objectives of policy, on the one hand, and those which are merely procedural and technical in their nature, on the other, must be kept clearly distinguished.
What is the Principle of
What is Principle of Substantial Compliance-This doctrine is a judicial invention, equitable in nature, designed to avoid hardship in cases where a party does all that
can reasonably expected of it, but failed or faulted in some minor or inconsequent aspects which cannot be described as the "essence" or the "substance" of the
requirements. Like the concept of "reasonableness", the acceptance or otherwise of a plea of "substantial compliance" depends upon the facts and circumstances of
each case and the purpose and object to be achieved and the context of the prerequisites which are essential to achieve the object and purpose of the rule or the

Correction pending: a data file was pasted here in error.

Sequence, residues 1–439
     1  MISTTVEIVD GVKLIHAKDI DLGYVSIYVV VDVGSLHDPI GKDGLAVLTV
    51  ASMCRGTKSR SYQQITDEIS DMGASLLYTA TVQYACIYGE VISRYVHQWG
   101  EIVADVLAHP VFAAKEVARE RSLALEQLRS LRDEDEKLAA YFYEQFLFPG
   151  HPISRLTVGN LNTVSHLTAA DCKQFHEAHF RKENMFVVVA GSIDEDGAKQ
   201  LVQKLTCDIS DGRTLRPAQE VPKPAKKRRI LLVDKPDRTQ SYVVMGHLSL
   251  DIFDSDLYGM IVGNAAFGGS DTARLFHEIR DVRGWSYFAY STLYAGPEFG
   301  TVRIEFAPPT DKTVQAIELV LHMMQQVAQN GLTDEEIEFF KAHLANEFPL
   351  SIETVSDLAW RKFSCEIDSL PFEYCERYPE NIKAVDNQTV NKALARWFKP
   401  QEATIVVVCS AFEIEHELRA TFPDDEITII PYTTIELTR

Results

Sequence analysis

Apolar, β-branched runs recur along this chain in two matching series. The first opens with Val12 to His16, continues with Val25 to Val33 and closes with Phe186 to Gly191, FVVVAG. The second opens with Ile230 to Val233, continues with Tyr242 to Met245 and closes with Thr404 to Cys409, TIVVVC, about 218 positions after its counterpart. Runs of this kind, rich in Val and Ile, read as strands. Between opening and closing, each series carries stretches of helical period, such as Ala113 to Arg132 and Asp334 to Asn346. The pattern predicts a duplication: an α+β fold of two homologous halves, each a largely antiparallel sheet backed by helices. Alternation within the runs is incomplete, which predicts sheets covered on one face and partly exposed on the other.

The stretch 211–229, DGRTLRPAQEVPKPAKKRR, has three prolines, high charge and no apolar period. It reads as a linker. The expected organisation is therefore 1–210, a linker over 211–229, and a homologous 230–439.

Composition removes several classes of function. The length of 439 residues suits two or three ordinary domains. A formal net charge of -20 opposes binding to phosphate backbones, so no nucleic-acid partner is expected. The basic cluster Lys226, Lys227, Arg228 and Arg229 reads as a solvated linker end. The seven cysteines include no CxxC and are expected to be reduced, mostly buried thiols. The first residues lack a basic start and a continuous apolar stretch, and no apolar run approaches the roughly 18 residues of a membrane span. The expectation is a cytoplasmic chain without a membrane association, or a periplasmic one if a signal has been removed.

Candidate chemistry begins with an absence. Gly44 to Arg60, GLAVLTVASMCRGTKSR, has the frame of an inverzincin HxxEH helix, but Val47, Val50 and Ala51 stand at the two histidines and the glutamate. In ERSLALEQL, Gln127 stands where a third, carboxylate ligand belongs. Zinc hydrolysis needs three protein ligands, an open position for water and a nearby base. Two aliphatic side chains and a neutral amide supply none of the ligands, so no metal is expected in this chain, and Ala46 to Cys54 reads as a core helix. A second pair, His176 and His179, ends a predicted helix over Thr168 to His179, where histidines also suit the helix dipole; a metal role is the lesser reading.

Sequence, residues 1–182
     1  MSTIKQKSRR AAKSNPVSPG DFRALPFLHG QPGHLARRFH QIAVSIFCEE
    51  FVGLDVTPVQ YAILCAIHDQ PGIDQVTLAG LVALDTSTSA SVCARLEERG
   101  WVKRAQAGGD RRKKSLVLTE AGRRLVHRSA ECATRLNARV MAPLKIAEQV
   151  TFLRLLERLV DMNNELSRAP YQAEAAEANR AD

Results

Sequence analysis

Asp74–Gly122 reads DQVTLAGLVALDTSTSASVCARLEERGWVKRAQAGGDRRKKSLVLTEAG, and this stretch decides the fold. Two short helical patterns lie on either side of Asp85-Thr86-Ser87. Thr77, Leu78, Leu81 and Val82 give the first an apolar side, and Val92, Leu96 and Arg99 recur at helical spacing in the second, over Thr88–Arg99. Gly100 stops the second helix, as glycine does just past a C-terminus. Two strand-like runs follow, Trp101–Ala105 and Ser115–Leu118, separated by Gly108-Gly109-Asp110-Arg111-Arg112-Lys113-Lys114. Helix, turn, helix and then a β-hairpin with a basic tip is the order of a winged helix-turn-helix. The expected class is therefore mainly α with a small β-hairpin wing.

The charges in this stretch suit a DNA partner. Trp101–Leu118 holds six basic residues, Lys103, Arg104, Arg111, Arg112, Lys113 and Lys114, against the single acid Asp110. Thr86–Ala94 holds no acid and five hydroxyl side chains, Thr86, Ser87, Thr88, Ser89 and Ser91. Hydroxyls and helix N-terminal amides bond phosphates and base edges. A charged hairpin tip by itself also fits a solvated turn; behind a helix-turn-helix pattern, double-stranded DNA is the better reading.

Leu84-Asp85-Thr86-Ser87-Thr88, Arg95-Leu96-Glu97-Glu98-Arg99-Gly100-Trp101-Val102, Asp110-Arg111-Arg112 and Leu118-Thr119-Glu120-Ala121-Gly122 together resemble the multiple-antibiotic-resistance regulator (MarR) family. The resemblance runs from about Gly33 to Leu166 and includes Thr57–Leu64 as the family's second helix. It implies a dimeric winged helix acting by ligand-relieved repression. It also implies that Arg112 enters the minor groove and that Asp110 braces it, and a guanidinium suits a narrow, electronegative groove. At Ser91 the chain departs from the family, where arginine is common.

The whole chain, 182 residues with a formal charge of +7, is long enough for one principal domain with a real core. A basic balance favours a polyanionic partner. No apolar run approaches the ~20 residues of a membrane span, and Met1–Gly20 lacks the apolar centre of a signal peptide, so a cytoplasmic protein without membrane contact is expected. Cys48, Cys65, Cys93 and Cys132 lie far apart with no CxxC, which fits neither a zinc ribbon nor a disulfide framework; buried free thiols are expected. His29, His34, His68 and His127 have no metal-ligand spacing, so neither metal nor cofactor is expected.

regulation. Such a defence cannot be pleaded if a clear statutory prerequisite which effectuates the object and the purpose of the statute has not been met.
Need for “Substantial Compliance”-Substantial compliance of an enactment is insisted, where mandatory and directory requirements are lumped together, for in such
a case, if mandatory requirements are complied with, it will be proper to say that the enactment has been substantially complied with notwithstanding the non- compliance
of directory requirements. In cases where substantial compliance has been found, there has been actual compliance with the statute, albeit procedurally faulty.
What “Substantial Compliance” seeks to preserve-The doctrine of substantial compliance seeks to preserve the need to comply strictly with the conditions or